Bohnanza

Our youngest player left, leaving us with five players for our Feature Game, Hanabi.  “Hanabi” is the Japanese word for “fireworks” (consisting of the ideograms “Flower” and “Fire”) and given the date we felt it was entirely appropriate.  Last time we played, we used the original card version of the game, however, this time we used the new tile version that was released at Essen a couple of weeks ago.   The idea of the game is very simple:  as a group, players must try to lay a total of twenty-five tiles, in number order within their colour suits, thus the red “one”, must be played before the red “two”, and so on.  The snag is that everyone turns their hand back to front so they can see everyone elses tiles, but not their own.  So, on their turn, players can do one of three things:  play a card, give a clue to another player or discard a tile.  If the wrong tile is played, the team lose one of their three lives and there are only eight clues available; although each discarded tile is also worth an extra clue some tiles don’t have any duplicates…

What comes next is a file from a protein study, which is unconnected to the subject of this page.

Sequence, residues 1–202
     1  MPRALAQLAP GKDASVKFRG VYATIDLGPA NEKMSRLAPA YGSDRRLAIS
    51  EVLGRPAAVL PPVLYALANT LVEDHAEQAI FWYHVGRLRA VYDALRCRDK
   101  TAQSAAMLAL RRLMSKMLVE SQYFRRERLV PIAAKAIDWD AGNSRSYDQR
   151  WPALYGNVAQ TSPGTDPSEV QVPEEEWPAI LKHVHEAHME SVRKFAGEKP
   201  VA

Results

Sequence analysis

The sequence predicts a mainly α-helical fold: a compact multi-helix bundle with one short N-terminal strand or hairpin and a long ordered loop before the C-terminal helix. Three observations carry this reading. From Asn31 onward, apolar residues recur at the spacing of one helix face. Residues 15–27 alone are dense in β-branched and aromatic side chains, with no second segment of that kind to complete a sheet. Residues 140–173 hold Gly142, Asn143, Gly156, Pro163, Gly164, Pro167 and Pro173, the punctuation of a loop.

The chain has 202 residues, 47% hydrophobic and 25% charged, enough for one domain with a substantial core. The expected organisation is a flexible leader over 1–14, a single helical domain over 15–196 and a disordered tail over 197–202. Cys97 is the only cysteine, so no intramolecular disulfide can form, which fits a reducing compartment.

Hanabi

We enjoyed the first game so much that we ended up playing it twice.  The first time a lot of “ones” came out on the first deal, so we had to decide how to guide people to play the correct tiles.  We finished up with three completed fireworks and a total of twenty points.  Any hope that we could improve on our score quickly evaporated when the second game started with no “ones” at all and it took us ages to get started by which time we had run out of clues.  One player was left with the choice of playing or discarding and chose the wrong option and that really set the tone for the rest of the game.  All things considered, it was a bit of a miracle that we finished two fireworks successfully and the game ended with a total of eighteen – not quite as bad as it had looked earlier.

Hanabi

Learning Outcome:  Sometimes “feelings” can be very misleading and you can be doing much better (or worse) than you thought.